Online games and nudges aim to curb viral misinformation around vaccines and more.
Lesson plans on science denial and the benefits of sleep.
Through a variety of efforts—including the APS COVID-19 global initiative and a new white paper for policymakers, the scientific community, the media, and the public—APS and its members are researching and combating misinformation.
Karen Douglas, a professor of social psychology at the University of Kent, studies the psychology of conspiracy theories.
A confrontational approach to resolving conflicts may serve to entrench opposing views.
Podcast interview on conspiracy theories and how they have materialized in the era of COVID-19.
What does psychological science have to say about conspiracy theories, especially during the COVID-19 pandemic? [May 27, 2020]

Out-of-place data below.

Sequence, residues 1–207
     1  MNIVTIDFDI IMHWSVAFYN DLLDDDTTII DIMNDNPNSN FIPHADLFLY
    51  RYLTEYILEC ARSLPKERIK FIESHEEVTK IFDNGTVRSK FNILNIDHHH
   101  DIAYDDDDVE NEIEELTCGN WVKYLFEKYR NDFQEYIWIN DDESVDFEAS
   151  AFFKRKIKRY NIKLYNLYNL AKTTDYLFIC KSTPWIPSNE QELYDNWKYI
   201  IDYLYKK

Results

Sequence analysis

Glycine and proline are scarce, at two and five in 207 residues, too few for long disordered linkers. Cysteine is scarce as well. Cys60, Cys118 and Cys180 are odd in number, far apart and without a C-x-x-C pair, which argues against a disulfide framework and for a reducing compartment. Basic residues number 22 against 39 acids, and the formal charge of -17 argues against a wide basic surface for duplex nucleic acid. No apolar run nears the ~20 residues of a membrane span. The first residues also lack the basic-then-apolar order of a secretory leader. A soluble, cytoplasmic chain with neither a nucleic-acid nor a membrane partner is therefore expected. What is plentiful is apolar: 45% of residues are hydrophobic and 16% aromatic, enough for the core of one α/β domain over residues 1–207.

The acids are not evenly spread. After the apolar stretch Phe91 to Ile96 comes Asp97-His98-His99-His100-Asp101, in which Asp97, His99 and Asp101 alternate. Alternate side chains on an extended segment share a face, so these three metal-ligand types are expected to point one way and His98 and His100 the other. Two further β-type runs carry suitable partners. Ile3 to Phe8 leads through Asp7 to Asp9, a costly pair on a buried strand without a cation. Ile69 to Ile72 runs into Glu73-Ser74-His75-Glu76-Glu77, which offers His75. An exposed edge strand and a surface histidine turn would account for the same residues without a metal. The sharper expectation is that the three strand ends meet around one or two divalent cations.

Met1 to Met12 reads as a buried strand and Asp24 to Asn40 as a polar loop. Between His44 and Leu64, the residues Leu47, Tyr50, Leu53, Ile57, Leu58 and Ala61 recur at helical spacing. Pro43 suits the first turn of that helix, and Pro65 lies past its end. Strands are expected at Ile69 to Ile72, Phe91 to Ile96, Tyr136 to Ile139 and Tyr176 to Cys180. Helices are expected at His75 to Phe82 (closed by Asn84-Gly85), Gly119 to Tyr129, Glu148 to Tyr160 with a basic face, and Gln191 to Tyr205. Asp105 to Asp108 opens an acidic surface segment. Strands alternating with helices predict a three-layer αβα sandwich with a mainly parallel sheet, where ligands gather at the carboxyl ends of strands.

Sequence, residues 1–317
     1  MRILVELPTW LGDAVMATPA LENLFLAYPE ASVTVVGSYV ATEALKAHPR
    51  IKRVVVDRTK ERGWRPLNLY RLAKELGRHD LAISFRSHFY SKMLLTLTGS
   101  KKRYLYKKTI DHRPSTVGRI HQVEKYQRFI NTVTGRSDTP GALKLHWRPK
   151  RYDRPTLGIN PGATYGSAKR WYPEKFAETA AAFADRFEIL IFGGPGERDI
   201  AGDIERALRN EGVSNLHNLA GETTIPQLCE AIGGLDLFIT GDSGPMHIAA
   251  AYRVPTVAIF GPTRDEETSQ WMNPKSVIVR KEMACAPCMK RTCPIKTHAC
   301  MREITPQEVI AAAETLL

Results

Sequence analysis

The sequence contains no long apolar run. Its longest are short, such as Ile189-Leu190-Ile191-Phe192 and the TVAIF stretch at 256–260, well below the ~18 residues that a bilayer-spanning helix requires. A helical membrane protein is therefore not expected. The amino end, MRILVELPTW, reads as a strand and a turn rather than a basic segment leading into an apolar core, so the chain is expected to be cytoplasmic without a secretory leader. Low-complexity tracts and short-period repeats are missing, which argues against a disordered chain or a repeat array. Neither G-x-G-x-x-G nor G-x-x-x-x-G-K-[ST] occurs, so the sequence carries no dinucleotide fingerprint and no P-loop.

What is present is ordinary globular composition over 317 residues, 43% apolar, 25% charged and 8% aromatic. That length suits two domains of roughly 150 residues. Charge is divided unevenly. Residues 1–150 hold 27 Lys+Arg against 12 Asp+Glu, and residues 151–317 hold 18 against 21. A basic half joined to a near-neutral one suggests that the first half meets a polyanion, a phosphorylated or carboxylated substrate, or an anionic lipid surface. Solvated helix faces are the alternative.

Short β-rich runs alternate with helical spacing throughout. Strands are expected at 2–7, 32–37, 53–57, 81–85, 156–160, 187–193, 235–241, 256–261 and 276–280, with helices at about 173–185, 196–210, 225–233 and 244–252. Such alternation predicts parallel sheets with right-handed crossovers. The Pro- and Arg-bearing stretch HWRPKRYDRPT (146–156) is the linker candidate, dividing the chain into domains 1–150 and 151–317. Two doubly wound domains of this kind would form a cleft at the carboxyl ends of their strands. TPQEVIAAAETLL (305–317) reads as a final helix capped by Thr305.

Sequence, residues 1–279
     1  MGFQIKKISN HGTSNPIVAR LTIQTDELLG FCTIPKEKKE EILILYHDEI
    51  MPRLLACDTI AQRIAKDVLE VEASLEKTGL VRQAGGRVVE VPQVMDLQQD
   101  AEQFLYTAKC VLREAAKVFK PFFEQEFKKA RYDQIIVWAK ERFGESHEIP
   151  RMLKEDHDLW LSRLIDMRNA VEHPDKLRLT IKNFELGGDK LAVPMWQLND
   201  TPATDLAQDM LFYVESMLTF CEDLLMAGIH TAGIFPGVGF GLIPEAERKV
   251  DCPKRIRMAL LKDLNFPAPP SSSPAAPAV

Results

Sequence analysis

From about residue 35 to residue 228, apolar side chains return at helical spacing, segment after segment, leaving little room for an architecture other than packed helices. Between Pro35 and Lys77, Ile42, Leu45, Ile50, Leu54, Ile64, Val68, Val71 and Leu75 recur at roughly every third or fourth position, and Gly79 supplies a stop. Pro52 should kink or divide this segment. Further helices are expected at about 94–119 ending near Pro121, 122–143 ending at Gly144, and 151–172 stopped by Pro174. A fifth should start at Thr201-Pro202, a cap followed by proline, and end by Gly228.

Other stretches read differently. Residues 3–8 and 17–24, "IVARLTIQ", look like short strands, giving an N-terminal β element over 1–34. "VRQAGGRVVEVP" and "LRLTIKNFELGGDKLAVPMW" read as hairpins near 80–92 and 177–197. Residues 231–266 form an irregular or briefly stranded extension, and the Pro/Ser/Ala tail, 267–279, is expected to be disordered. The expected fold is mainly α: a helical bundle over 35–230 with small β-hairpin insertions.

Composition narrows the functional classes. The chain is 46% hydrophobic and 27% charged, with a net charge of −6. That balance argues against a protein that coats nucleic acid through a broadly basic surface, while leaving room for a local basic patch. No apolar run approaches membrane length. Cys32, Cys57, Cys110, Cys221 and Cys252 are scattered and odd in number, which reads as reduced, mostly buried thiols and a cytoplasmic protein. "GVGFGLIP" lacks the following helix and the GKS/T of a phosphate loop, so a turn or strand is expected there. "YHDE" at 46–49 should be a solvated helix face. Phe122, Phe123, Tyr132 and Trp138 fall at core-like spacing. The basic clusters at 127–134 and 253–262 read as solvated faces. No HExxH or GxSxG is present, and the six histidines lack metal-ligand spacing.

This collection of Flash Talks from the 2021 APS Virtual Convention highlights students’ and early-career researchers’ work on misinformation and combating widely held misconceptions in psychological science and beyond.
This resource draws from research published in APS journals and other sources, along with interviews with several psychological scientists.
A psychological study in Europe has overturned some long held assumptions about people who hold conspiracy-beliefs.
Childhood vaccines do not cause autism. Global warming is confirmed by science. And yet, many people believe claims to the contrary. Why does misinformation stick?
People may use the term "fake news" to satisfy their need for structure in the world.
"Max” Bai talks about the research on misinformation he presented at the 2022 APS Annual Convention in Chicago.
Trust in others and confidence in societal institutions are at their lowest point in over three decades, analyses of national survey data reveal.
Research shows that conspiracy theories may appeal to people looking to make sense of random events and to alleviate social alienation. But those beliefs may reinforce those motives instead of fulfilling them.
Statement by APS Executive Director Robert Gropp on the riot at the U.S. Capitol Building.
Overcoming anti-science beliefs will require proactive public-awareness and issue-management campaigns.